Why then is it that the G-dly objective is to unify [one's understanding of G-d] in terms of Bina (Understanding)?
For example, this was given as a commandment to the Jewish People in the verse, “Hear Israel, the L-rd our G-d, the L-rd is One” (Deut. 6:4). Now “hearing” connotes understanding, because just as the ear has the ability to separate sounds in order to understand a spoken message, so too does the “ear” of the mind, which is the faculty of Understanding (Bina). The faculty of Bina has the ability to understand a flash of insight by separating and clarifying the interlocked and condensed concepts that are contained in the initial flash of the idea. The Bina faculty accomplishes this by projecting the subtle concept into many particular explanations. [An analogy would be a prism, which analyzes the content of a beam of "white" light by splitting it into an array of separate colors that are contained within the pristine beam of light.]
To answer this question we first have to explain in more depth the three levels of the human intellect: Chachma (Wisdom), Bina (Understanding) and Daas (Knowledge). These three levels are referred to in Chassidic philosophy by their acronym Cha’Ba’D, or “Chabad” (hence, Chabad Chassidus is the branch of Chassidic teachings whose objective is to accomplish this spiritual goal.)
The first revelation of a drop of Divine Intellect to a human’s intellect is Chachma (Wisdom) – the flash of realization, the “seeing” of the concept that is being taught, etc. Our created intellect first perceives this as a general principle, without its being clothed in letters of thought at all. Thus, Chachma is called the level of the “seeing” of the mind, in that it flashes into the mind without letters of explanation. (We might think of this as the “light bulb” which suddenly lights up above the head of the person.) [Note: we are talking about a Torah-based G-dly concept that the person is being exposed to - from a teacher, from a book, from an essay, etc., or from a person's sudden realization - e.g. perceiving a concept for the first time, by "putting 2 and 2 together" from one's previous knowledge, or a personal experience.]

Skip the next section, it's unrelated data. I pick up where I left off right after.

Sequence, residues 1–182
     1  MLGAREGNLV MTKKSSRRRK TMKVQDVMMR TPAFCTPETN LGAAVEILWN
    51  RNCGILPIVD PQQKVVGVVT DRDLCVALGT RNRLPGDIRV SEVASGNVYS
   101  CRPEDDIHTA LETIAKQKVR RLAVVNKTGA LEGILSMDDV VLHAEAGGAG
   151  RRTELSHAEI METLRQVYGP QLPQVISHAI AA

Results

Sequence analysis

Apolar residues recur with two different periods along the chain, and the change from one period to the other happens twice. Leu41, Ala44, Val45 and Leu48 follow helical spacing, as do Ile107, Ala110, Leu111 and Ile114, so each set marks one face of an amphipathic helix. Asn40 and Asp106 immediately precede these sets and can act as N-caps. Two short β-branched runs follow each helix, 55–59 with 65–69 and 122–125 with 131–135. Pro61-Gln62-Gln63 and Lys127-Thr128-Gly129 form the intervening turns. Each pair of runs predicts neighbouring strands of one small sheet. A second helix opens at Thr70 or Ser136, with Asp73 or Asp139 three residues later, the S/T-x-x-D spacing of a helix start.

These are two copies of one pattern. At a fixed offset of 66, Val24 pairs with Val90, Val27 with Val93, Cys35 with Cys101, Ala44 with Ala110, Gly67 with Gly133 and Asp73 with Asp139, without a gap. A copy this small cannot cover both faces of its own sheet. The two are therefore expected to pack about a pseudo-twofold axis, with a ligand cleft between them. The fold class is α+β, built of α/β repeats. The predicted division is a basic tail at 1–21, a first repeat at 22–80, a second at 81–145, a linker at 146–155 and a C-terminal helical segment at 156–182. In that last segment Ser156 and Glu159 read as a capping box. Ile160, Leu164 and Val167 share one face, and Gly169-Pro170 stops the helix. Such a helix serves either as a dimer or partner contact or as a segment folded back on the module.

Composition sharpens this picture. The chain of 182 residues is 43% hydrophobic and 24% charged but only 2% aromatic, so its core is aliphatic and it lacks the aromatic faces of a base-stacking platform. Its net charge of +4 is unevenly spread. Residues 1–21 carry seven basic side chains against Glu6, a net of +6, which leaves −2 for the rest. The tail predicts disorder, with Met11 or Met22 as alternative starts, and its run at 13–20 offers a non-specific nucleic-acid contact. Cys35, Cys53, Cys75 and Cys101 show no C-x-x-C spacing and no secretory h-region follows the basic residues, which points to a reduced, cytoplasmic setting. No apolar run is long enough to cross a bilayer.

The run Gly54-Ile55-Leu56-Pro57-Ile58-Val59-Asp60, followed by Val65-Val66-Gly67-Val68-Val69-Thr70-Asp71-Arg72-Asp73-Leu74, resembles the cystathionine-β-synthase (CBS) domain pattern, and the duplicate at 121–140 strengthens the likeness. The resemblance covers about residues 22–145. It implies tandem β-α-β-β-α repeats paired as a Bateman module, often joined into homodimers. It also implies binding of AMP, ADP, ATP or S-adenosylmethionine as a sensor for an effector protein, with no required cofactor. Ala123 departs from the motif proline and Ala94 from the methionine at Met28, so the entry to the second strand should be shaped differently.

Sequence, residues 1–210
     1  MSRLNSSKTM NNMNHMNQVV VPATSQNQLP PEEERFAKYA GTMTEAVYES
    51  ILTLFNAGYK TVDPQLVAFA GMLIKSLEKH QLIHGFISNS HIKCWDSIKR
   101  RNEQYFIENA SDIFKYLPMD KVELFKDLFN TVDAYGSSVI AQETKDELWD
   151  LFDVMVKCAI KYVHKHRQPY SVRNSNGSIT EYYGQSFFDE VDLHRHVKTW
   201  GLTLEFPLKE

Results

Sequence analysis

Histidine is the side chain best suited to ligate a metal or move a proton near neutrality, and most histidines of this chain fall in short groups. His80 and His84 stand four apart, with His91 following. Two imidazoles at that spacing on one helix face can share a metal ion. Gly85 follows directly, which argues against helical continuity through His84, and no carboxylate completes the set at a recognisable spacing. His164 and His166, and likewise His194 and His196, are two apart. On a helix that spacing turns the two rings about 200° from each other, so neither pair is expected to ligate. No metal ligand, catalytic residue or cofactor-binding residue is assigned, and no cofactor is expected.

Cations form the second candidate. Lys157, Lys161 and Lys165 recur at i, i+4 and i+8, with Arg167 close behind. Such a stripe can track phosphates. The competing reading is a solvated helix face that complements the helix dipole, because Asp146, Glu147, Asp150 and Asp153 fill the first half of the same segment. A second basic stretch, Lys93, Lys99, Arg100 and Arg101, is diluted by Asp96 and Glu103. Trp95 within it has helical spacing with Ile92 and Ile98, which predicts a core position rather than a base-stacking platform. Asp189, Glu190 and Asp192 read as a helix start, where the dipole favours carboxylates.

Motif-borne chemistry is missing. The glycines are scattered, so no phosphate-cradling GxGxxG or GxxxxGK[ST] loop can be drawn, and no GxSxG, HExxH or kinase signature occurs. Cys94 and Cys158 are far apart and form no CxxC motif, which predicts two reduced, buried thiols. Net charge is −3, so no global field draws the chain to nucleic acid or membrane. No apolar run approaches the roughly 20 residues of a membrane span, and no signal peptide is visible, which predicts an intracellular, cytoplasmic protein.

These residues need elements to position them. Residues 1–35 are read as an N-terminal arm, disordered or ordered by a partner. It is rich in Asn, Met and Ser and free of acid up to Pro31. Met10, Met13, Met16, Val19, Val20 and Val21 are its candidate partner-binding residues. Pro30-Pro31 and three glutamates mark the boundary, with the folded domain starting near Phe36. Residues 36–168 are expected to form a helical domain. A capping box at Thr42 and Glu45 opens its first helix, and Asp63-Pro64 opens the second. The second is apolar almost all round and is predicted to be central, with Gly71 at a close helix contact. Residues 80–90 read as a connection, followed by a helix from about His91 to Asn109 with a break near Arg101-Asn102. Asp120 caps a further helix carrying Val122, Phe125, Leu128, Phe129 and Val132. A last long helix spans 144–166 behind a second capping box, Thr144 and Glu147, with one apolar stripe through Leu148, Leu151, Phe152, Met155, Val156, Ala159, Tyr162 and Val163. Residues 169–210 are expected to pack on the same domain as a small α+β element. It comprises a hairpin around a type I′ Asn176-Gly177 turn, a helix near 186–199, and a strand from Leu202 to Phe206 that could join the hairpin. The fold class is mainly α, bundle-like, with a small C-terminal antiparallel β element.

For example, consider a person who suddently sees a beautiful building. He “feels” immediately in his mind that the building is beautiful, but the reason for its beauty (which is the way that the many colors and shapes are combined to delight the eye) is not grasped yet by the lower Bina faculty of the mind, which is the mental faculty that identifies and understands reasons. So even though he feels the building’s essential beauty in his mind, he hasn’t yet brought it down to the level of putting it into letters of explanation. Therefore he is not yet able to explain to another person (or himself) why the building is beautiful.
Continuing the above example, the person may then proceed to use the second power of his mind, called Understanding, or Bina, to understand the quality of the building’s beauty with all of its details: the perfect color combinations, the exquisite materials, etc. So now that his original realization of the building’s beauty is grasped in his mind through these letters of explanation, he will be able to explain to another person the reasons for his positive feeling about the building, because the letters of explanation produced in the faculty of Bina can be drawn down to become revealed through speech.